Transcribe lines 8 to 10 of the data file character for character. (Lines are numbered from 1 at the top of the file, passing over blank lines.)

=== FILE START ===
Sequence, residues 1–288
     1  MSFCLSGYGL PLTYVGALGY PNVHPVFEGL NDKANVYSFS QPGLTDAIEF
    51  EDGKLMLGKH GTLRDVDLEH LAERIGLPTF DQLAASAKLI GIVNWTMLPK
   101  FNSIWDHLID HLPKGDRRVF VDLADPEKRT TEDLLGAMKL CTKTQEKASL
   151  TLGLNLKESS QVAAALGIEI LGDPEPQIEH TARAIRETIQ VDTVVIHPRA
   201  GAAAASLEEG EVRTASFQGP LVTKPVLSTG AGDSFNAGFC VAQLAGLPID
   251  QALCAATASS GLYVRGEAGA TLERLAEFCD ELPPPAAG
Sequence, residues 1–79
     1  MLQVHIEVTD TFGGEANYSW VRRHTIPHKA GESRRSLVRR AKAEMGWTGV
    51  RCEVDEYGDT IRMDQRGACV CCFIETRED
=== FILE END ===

Sequence, residues 1–79
     1  MLQVHIEVTD TFGGEANYSW VRRHTIPHKA GESRRSLVRR AKAEMGWTGV
    51  RCEVDEYGDT IRMDQRGACV CCFIETRED